The Castlevania series went through a number of growing pains during it's early years. While it's common for games in a series to be released one-after-another with little in the way of major changes (just look at the Mega Man series for evidence of that, with six main games, and five Game Boy titles, in the span on seven years), the Castlevania series saw four quick titles released one-after another, none of which really resembled each other. Sure, there was always a central character, clad in a leather, using their whip to fight the hordes of Dracula the style changed from action-platformer to proto-Metroidvania game along with the stripped down Castlevania Adventure and the over-stuffed, hybrid Vampire Killer. The series was, in short, all over the place in its early titles.
Adding to that was Haunted Castle which plays like a kind of mash-up of Castlevania and early arcade beat-em-ups (this makes sense as this game wasn't originally going to be a Castlevania-related title, but instead was converted into it half-way into development when the original concept wasn't working). The game featured six smash-em stages where the hero (presumably Simon Belmont) goes up against wave-after-wave of demons and monster all to get to Dracula and save the day (and his kidnapped bride, a character never to be seen again in Simon's storyline). Frankly, it hardly feels like a proper Castlevania.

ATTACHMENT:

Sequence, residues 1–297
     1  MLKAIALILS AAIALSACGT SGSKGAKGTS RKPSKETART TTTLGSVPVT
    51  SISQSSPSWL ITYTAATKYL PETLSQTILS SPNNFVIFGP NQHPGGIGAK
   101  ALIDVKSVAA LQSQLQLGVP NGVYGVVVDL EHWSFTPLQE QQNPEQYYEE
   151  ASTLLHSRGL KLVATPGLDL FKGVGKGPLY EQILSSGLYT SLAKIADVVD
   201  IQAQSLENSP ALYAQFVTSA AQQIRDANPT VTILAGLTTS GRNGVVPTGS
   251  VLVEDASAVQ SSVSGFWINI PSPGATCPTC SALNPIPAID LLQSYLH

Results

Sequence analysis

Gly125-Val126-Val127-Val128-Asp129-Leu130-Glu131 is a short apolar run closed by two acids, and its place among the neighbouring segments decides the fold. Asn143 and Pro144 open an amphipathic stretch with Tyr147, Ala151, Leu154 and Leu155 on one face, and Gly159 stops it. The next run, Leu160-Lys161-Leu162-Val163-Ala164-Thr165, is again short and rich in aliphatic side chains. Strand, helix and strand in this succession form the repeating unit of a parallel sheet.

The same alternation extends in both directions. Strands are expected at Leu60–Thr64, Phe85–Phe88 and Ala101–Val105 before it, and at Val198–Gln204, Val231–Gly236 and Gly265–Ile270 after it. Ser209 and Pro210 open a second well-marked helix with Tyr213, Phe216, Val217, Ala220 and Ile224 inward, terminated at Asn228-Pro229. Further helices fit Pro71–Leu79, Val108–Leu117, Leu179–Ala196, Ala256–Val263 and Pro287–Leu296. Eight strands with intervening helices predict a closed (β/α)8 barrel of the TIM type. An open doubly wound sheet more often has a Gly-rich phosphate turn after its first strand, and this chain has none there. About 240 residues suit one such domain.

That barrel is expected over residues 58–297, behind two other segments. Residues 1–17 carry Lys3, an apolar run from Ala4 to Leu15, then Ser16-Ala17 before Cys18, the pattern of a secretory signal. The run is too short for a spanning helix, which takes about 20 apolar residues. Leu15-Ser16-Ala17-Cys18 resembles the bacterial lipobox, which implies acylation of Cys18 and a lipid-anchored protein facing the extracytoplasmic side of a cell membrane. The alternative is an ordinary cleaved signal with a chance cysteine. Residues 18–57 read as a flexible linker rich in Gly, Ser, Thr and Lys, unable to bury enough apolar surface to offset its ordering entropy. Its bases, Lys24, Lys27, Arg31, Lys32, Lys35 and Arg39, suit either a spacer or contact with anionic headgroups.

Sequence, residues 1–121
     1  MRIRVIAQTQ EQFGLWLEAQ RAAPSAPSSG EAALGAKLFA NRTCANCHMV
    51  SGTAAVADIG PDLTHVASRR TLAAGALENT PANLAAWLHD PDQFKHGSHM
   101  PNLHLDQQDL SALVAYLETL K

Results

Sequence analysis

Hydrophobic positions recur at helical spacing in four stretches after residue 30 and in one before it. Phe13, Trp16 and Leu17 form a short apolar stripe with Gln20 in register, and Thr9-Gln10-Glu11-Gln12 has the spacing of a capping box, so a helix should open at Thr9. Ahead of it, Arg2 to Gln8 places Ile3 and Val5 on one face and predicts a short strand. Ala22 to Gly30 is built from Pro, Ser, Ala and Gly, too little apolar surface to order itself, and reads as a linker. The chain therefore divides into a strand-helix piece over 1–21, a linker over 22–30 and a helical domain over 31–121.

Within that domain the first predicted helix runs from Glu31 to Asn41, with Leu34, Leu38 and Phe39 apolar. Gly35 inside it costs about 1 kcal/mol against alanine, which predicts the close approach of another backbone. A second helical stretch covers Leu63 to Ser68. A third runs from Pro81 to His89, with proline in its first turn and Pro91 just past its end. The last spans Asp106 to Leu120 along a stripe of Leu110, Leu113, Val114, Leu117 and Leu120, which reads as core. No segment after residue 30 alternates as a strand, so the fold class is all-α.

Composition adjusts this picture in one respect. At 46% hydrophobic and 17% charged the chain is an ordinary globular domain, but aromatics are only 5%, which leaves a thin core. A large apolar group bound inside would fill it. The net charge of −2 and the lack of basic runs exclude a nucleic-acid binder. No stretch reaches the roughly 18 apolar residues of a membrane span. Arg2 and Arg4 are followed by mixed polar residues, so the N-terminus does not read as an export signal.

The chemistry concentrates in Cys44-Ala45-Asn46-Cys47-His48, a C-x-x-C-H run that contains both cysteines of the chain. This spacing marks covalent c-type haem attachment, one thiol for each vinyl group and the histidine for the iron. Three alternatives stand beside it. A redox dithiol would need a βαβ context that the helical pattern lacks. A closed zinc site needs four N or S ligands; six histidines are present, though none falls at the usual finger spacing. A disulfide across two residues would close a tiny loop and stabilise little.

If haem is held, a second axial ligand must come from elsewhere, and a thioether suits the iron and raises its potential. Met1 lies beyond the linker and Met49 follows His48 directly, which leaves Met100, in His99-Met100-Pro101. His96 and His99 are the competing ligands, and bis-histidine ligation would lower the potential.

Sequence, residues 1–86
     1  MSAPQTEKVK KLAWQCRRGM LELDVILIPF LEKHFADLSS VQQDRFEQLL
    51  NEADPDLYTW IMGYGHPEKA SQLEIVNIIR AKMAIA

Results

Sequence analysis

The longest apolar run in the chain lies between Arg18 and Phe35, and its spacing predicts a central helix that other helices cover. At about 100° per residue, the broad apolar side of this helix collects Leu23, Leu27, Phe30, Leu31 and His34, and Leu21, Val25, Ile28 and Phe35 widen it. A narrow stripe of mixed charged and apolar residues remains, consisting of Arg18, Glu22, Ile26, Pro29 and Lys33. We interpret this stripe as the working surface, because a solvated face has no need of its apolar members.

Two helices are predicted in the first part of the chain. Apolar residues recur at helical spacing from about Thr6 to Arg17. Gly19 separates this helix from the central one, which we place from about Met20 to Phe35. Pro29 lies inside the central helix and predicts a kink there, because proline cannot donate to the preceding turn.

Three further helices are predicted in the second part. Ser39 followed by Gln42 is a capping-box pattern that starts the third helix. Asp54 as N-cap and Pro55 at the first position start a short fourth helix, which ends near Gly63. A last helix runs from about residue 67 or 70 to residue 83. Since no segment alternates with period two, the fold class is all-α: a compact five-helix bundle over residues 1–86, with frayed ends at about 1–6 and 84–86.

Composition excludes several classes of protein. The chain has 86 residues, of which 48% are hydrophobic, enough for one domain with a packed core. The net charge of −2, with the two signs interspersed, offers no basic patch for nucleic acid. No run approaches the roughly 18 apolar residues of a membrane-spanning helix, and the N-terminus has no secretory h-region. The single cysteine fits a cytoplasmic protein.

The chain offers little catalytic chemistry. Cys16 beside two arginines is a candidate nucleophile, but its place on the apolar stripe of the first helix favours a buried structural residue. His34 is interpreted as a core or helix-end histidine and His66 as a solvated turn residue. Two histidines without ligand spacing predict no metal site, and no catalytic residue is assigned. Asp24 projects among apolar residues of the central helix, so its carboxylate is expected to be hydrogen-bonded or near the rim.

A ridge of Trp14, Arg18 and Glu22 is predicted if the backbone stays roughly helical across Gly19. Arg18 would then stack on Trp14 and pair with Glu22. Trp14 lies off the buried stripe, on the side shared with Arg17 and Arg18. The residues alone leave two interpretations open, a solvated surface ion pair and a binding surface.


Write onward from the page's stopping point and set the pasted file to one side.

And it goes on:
Sure, Simon has his whip, and some variant of his sub-weapons, but the Simon in the game doesn't play at all like he does in his other games, nor is the pacing at all like a normal Castlevania title (especially when you compare it actual ports of classic game to arcades, like Vs. Castlevania or the PlayChoice series cabinets). Obviously, as this was a game that was shoved on the Castlevania team mid-way into production, it was never going to be a true adventure, not like the other games in the series. Despite this, Konami did give it a proper name in the series, calling it Akumajo Dracula in Japan, almost as if this were an arcade-remake of the original Castlevania (officially this game has no place in the timeline, effectively existing alongside the original game, even if they're barely related functionally).
On it's own merits, without the confusing back story, Haunted Castle is still an odd duck. It's brutally hard, more so than even your normal classic arcade game, like the game is daring you to play it, to see if you could ever make any progress (this, of course, feeds into that arcade, quarter-stealing loop where a player was expected to get three minutes of game play off a single coin, an industry standard for the time). Couple that with muddy graphics and a slow pace that didn't encourage the kind of light, twitch-based game play the series is known for, and Haunted Castle just pales in all comparisons to the other games in the main series.
It's no wonder, then, that it took many, many years for the Castlevania series to really come back to arcades again (with the creatively titled Castlevania: The Arcade) -- this is just not an easy series to effectively bring to the differing game play needs of the arcade format. Despite this, there are fans of this arcade game, enough so that a loving PlayStation 2 physical edition was put out for the game, complete with artwork and a soundtrack disc. That item is much prized among collectors, but only the hardest of hardcore truly care about the game play of Haunted Castle. This is an interesting oddity but a creative dead end for the series as a whole.